Ted Bonman

Ted Bonman

Westside Players set the Pocatello community theater scene buzzing last year when they announced that they would close their 2021 season with a production of “Clue,” based on the 1985 murder mystery comedy, itself based on the Parker Brothers board game. Although the film had a middling performance at the box office, it became a cult sensation for its campy, theatrical sense of humor, and a stage adaptation seemed inevitable. For Pocatello audiences, that day has come. “Clue” is a perfect choice for Westside’s fall show, especially given how it evokes the spirit of the season. The play, directed by Jackie Czerapinski, is ostensibly a murder mystery, but it’s a comedy romp in a killer’s clothes.

Staging a story that began life as a film is not without its challenges. Westside’s stage carpenter Roger Freeman had quite a task ahead of him. The show demands numerous locations inside the mysterious Body Manor — among them a billiards room, a library, a study and a lounge. Most theaters that produce this show do so by rolling rooms on and off or by utilizing a second level. How, then, should one accomplish the effect at Westside, where neither of those things are possible? Freeman’s solution is a blast from the past: the noble periaktoi, a stage technology from all the way back in ancient Greece. The periaktoi is a column with three flat sides that can be rotated to change backdrops, and in this case, two of them are deployed to represent different rooms in the manor house. It’s a delightful engineering feat.

The set makes an excellent first impression. The manor is impeccably painted and dressed, as audiences have come to expect from Westside productions. Dark wood textures and elegant furnishing successfully capture the atmosphere of an old money mansion. Five doors festoon the facade, foretelling the forthcoming follies.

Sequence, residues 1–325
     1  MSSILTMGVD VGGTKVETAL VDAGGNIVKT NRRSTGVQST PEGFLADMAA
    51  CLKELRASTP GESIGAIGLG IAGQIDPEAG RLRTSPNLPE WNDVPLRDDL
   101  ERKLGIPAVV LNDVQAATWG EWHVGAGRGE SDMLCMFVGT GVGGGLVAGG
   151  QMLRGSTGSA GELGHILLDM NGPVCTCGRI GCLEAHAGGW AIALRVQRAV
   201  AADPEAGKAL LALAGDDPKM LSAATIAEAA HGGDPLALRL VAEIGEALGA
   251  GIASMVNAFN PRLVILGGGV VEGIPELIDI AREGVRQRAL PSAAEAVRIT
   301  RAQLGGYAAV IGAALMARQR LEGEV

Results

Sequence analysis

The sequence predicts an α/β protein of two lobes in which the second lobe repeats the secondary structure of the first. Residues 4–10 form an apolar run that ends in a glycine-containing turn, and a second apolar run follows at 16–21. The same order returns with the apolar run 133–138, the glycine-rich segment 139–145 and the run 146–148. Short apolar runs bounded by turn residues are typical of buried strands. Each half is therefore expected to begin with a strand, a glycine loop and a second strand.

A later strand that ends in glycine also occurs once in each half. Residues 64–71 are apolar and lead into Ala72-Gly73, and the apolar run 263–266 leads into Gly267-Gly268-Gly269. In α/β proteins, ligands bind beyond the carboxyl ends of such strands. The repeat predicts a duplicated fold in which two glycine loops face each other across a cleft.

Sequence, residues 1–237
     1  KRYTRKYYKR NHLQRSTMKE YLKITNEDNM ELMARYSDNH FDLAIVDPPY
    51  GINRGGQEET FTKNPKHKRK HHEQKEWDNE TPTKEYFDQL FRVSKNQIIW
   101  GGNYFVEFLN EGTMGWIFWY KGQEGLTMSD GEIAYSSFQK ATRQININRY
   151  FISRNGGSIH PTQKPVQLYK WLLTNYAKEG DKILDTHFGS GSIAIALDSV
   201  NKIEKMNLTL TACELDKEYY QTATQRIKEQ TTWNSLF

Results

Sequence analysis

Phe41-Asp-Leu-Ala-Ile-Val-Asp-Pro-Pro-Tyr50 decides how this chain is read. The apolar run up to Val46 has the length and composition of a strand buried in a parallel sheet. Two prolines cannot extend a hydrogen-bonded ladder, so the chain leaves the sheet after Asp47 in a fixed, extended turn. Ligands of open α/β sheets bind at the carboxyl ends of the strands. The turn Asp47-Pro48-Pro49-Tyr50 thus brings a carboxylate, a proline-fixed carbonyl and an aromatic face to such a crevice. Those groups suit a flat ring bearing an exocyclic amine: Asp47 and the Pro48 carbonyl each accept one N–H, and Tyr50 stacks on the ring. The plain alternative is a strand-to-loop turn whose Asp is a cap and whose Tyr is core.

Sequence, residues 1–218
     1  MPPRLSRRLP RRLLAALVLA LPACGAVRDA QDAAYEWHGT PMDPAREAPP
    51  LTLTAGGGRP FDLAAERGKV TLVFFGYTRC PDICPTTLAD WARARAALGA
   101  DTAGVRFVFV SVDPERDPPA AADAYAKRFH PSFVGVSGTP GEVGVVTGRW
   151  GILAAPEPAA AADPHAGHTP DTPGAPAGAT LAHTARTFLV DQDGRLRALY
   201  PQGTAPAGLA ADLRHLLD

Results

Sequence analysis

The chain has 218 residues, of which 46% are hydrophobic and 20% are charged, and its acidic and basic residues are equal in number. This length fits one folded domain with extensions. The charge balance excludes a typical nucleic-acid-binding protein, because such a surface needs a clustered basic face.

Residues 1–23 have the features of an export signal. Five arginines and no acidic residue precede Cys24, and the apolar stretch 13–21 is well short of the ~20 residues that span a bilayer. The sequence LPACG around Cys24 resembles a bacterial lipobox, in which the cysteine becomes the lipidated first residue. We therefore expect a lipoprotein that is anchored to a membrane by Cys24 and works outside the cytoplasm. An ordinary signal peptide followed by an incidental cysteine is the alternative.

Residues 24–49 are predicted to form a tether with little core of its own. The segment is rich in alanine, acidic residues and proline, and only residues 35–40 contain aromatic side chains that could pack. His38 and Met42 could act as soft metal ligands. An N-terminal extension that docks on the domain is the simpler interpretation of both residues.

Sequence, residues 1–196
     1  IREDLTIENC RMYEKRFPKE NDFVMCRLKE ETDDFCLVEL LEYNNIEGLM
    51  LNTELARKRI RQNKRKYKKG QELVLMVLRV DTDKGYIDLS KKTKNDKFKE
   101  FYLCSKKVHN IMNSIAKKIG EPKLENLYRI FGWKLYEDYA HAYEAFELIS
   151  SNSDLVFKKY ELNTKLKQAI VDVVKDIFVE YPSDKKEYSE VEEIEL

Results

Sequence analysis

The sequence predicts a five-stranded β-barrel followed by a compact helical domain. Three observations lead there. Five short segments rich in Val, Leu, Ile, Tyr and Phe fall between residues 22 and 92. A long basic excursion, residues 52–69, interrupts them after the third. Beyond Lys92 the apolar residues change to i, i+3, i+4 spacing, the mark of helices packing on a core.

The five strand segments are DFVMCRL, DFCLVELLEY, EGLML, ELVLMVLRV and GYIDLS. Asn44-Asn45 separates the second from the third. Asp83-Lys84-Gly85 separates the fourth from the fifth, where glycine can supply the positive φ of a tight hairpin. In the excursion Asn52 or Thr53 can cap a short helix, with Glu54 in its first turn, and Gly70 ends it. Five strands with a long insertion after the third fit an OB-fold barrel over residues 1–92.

But enough exposition. What of the performances? “Clue” features both Westside regulars and some new faces, and all of them embody the classic characters with aplomb. Phil Shepherd-Blalock stars as the butler, Wadsworth, a cunning figure who knows more than he lets on. He delivers a manic performance, fully committing to the physicality of the role. Shepherd-Blalock’s toothy grin as he intones “indeed” channels the great Tim Curry himself, and that’s high praise indeed.

Daniel Shelden plays the compromised Professor Plum with the right amount of smug superiority, while Michael Czerapinski was simply born to play Colonel Mustard. He masters the comedy of Mustard’s blowhard stupidity, earning some of the show’s biggest laughs. Newcomer Eli Wernigg is a pleasant surprise as the clumsy Mr. Green. Camile Thomsen makes her Westside debut as a sultry Miss Scarlet, and the boisterous Bo Hudson notches another show with her preening Mrs. Peacock. Diana Potter is as commanding as ever in the role of Mrs. White, sporting a striking black suit.

If you’re in the mood for comedy with a light side of murder, look no further than “Clue,” which plays Fridays and Saturdays through October at Westside Players.

Ted Bonman teaches English and theater at Century High School.

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